Style Your Sofa with Throw Pillows

Mixing and matching tips for curated comfort

Feel like your living room needs a little pick-me-up? You can easily give a room a refresh by adding throw pillows to an otherwise naked couch.

Throw pillows, after all, are a practical design accessory: They’re great for dressing up your furniture as well as for propping yourself up while you’re streaming the latest on a Friday night. 

Of course, you’ll want your throw pillow picks to look like you put some thought behind them, as opposed to looking like a mismatched jumble. And while there aren’t any hard and fast throw pillow rules, the following pointers will help you pull together an eye-catching display.    

Play off the colors in the room

Start with an anchor color—a color that is already in your space that you want to build on. You might pick up colors from your couch, from a piece of art or from a rug. If your sofa is a solid color, consider pillows that have a touch of that color in them. 

Vary patterns

When it comes to pattern, you don’t have to go matchy-matchy (unless you want to!). Try mixing florals, geometrics and stripes with solids to see what appeals to you. The patterns can vary in size; just make sure the colors play off one another. You could also pair solid colored pillows with patterned pillows in the same color.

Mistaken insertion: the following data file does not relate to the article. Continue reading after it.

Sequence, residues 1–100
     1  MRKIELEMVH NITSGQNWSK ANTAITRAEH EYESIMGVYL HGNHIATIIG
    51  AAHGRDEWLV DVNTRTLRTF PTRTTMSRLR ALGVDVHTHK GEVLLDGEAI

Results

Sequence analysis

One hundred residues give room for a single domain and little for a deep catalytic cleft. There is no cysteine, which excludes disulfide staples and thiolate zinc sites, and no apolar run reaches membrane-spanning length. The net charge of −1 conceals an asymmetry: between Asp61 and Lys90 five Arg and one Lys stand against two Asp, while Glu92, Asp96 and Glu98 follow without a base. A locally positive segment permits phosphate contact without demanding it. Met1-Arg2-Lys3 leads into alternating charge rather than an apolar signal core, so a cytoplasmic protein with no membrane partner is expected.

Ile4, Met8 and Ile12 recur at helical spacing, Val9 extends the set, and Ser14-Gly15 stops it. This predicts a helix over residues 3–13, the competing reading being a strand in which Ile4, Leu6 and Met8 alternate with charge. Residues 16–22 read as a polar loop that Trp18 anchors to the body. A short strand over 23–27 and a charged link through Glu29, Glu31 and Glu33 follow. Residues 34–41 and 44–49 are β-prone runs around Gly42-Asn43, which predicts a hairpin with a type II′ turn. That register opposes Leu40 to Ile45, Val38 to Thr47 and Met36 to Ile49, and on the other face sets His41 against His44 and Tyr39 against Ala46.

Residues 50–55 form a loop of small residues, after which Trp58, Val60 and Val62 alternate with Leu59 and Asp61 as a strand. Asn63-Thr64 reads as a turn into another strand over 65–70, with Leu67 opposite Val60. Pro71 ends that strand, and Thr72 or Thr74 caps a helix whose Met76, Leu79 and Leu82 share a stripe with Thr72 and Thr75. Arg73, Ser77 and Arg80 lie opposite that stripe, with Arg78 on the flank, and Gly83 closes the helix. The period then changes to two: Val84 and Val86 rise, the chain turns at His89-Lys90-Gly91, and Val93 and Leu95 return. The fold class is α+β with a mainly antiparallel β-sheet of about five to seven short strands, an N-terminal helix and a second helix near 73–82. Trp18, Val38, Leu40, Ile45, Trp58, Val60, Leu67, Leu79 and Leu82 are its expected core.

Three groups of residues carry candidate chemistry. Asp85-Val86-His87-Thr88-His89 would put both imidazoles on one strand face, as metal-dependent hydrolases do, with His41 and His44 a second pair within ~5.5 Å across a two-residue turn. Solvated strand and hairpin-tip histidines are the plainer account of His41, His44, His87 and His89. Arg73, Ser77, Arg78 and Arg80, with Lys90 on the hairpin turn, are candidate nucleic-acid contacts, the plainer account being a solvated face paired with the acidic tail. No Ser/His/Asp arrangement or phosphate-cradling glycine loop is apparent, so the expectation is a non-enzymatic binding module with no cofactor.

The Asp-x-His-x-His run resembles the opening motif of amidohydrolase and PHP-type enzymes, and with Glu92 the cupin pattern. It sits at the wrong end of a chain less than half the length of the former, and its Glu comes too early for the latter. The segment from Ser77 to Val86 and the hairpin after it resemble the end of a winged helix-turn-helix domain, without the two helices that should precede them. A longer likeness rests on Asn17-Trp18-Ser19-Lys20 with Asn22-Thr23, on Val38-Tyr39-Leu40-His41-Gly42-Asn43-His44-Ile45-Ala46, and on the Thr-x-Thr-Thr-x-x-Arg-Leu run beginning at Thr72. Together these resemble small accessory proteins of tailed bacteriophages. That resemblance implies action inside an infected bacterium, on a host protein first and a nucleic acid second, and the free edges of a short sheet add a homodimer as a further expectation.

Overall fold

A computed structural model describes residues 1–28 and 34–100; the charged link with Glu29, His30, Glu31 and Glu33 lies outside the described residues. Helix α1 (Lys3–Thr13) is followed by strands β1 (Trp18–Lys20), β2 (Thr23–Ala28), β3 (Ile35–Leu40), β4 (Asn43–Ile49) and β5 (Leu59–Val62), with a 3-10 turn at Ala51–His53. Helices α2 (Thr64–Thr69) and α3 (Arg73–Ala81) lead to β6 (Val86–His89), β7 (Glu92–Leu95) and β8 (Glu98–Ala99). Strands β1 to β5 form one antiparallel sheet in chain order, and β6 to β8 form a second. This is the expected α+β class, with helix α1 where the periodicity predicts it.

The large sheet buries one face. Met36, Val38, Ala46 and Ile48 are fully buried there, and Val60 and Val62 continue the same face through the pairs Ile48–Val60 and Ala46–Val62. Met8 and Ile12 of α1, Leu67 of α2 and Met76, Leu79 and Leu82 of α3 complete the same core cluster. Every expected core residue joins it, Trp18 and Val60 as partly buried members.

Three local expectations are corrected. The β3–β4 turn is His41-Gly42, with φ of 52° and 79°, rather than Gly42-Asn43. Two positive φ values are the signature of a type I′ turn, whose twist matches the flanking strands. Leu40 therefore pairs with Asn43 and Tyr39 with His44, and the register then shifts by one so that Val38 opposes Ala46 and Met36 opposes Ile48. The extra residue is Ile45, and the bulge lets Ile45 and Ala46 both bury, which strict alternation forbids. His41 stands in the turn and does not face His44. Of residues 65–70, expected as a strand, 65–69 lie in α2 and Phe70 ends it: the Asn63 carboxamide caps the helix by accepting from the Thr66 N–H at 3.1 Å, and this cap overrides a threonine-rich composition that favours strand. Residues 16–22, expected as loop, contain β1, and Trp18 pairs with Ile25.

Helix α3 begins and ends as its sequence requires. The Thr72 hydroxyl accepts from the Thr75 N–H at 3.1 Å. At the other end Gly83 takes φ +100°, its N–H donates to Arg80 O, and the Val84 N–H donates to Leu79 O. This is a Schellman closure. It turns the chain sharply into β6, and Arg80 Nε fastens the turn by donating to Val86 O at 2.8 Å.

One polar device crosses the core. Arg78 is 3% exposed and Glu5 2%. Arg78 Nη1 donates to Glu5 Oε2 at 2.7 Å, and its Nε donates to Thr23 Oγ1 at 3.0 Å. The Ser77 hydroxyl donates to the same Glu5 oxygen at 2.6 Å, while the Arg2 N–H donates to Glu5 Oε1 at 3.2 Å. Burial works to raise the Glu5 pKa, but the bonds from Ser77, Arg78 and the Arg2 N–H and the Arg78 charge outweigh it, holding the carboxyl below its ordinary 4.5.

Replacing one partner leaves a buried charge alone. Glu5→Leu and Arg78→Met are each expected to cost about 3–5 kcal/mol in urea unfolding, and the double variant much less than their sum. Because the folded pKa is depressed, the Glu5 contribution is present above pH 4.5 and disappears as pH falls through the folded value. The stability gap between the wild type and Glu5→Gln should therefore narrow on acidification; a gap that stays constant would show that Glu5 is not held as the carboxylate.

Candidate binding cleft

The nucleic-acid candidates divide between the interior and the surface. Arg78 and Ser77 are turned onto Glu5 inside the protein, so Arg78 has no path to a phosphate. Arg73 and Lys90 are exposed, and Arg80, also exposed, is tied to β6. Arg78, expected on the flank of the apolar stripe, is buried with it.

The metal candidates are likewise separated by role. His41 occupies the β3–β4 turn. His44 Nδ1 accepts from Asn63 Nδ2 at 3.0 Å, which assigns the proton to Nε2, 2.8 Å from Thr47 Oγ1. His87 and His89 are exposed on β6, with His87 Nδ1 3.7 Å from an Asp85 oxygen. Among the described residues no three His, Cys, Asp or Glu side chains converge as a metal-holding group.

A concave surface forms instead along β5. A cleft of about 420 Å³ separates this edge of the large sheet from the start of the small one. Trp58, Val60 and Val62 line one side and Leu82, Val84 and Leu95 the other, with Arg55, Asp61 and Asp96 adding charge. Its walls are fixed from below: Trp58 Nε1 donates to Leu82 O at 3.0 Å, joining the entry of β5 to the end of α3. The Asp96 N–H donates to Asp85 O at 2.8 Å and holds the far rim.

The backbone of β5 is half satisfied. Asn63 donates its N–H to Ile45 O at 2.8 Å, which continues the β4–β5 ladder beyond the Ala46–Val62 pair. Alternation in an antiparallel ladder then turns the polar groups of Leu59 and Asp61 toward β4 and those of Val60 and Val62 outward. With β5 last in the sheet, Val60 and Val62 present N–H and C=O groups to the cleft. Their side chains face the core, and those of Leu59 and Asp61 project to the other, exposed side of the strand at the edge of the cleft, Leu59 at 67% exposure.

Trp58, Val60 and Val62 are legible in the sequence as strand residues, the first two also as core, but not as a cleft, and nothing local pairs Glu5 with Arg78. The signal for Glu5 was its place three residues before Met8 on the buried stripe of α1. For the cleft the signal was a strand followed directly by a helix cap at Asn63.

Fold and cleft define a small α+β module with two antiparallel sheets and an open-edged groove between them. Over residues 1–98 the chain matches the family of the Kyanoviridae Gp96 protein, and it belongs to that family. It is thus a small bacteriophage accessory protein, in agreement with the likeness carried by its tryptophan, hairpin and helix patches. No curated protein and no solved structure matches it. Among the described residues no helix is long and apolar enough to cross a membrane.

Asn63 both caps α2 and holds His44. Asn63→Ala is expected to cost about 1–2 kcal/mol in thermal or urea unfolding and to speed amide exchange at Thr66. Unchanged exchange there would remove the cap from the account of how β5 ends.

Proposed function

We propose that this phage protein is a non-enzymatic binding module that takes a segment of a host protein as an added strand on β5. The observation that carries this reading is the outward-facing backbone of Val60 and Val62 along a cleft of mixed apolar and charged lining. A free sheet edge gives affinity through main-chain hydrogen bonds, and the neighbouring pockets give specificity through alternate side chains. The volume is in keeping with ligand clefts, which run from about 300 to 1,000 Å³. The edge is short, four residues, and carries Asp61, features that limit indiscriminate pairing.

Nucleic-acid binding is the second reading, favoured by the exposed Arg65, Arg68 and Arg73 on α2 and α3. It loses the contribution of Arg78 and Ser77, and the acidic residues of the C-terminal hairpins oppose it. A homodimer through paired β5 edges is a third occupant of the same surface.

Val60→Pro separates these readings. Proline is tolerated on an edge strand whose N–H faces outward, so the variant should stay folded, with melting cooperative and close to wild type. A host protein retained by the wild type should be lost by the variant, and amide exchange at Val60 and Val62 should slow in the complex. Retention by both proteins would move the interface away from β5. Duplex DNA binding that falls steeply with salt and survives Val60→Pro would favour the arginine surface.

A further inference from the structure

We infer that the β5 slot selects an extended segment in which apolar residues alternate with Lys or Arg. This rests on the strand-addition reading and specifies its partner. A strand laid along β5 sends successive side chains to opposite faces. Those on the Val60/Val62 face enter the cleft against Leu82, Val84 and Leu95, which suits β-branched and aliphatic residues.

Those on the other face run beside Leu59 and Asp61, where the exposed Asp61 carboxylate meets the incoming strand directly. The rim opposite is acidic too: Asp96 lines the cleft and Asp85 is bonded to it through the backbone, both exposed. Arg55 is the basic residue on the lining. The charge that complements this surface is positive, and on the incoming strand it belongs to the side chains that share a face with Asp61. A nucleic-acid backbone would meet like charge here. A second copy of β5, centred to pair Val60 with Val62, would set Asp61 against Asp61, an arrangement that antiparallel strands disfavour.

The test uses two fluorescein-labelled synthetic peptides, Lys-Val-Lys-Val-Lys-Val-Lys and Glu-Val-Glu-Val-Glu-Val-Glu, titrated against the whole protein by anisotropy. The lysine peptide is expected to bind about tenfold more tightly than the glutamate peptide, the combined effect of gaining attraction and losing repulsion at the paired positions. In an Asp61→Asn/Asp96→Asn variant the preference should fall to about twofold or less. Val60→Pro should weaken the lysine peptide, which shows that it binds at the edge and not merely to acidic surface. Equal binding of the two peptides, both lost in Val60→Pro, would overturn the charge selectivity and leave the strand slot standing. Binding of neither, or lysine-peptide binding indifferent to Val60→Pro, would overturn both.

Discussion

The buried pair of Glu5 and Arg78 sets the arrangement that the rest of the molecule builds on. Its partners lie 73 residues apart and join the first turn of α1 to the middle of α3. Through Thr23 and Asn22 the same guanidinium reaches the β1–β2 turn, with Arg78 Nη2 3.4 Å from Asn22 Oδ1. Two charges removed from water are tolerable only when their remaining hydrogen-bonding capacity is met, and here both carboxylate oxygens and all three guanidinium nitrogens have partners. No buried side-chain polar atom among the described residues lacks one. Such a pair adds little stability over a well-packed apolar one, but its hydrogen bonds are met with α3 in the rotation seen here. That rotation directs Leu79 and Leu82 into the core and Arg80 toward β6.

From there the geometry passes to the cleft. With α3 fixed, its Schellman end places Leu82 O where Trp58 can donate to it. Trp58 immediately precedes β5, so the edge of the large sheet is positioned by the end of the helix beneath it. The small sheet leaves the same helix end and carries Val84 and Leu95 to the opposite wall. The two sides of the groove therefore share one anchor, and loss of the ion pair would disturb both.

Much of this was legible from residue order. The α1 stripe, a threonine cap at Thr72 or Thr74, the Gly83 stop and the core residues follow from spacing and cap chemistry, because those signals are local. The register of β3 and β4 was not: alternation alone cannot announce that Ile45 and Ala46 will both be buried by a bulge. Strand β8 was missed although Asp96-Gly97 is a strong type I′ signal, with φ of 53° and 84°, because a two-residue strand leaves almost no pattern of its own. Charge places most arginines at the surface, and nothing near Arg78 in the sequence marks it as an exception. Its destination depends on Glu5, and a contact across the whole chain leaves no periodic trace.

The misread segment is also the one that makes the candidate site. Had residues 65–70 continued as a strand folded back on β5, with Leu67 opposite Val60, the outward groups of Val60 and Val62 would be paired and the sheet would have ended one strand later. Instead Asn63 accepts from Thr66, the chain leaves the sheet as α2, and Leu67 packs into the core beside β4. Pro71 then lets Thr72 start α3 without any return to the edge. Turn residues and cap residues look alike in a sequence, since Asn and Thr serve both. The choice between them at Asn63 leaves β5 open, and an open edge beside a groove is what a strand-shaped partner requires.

If your room already has a lot of patterns in it (or your sofa is patterned), then go a little more conservative with your pillow patterns. 


Change up textures

Using different types of textured materials adds visual interest. Think wool, jute, faux fur, linen, pillows with tassels, flat designs, raised designs…the possibilities are many. Just keep in mind you’ll need to stay in the same color palette for a cohesive look. 

Vary sizes

Throw pillows will have a more artful appeal if you vary the sizes. Start with the largest pillows first and place them toward each end, then use medium sizes followed by smaller ones. Try an even number of pillows if your style is more traditional and an odd number if it’s more contemporary.

Copyright © Hunter Douglas
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